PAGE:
The International Criminal Law Interest Group for the American Society of International Law, chaired by Beth Van Schaack and Linda Malone, and of which I am delighted to serve as Newsletter Editor, has released the Winter Issue of Accountability (previous posts regarding the group are here). This issue has grouped articles around themes outlining the forward thinking aspects of international criminal law. The issue is separated into three sections - Judicial Commentaries, Legislative Commentaries and a section focusing on the ICC. Each section provides new insights in different aspects of ICL yet the common theme throughout all the articles is found in the newsletter’s name – Accountability.
Our journey through relevant ICL Judicial Commentaries begins with two pieces by Gentian Zyberi and Alexis Demirdjian taking us through the recent decisions by the ICTY Appeals Chamber regarding the Haradinaj and Šljivančanin cases. Zyberi points out not only the substantive questions raised by the decision surrounding witness intimidation, but more importantly what he views as the dangerous precedent of ordering a retrial and failing to show deference to the Trial Court. Demirdjian’s piece also notes a proactive Appellate Court in Šljivančanin where the court determined the five year sentence handed down by the Trial Court was insufficient as related to the gravity of the crimes committed and increased the sentence to 17 years. Subsequently, the Appellate Court reviewed the testimony of an officer who informed the Court that Šljivančanin (left, on the right) had not been informed of key information that placed those to whom he owed a legal obligation in imminent danger and left him with a ten year sentence.This section closes with a piece by Alexandra Meise Bay, who analyzes Case 001 – Duch - of the ECCC. In this piece, she lays out the arguments and judicial split, between international and national judges, surrounding the extension of the statute of limitations to domestic crimes within the jurisdiction of the ECCC. In her discussion, she outlines the international and domestic standards applicable to the retroactive extension of a statute of limitations within the context of Cambodia. (Photo at left by A.K. Meise Bay depicts a member of the Cham Muslim minority watching Duch over a live feed of the reading of the verdict in Case 001 from the public viewing area of the ECCC. (July 26, 2010)).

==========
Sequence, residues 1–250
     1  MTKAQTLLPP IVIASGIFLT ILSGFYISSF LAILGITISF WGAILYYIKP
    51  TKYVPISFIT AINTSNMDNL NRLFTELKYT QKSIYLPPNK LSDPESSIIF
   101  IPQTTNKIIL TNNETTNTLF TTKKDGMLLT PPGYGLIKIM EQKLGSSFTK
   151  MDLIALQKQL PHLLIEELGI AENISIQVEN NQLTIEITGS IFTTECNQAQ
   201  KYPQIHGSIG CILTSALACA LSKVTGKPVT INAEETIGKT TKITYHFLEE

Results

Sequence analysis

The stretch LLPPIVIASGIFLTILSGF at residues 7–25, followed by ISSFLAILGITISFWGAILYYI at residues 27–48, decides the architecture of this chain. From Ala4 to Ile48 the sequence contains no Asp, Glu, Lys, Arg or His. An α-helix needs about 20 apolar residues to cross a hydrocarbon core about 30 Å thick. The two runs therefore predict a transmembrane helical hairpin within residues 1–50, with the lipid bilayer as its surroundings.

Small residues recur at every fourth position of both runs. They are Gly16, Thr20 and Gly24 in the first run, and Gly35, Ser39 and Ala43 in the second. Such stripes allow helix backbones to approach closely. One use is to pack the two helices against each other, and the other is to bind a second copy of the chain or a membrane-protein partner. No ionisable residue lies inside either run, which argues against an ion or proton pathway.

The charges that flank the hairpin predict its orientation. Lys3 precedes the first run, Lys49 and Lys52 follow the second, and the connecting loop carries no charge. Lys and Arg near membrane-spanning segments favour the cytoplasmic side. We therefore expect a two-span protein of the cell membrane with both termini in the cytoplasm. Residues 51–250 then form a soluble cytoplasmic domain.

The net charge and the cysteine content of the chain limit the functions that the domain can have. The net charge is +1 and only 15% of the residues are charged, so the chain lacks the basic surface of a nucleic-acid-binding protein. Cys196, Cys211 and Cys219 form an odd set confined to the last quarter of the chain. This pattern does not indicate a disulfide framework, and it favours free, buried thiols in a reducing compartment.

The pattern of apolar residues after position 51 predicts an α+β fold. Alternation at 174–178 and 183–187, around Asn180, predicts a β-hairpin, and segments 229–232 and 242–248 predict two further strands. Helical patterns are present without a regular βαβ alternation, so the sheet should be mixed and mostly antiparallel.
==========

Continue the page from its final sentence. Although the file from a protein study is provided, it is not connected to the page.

As we move from the Judiciary to the Legislature we begin with Magne Frostad’s look into the regulation of the death penalty under modern international criminal law. In doing so, Frostad notes the changing attitudes towards the death penalty over the past sixty years and utilizes the European framework, and some international mechanisms, to explore available enforcement mechanisms. Specifically, he examines the ECHR, how relevant protocols affect state and non-state parties and what criteria judges appear to be using when analyzing cases involving the possibility of the death penalty.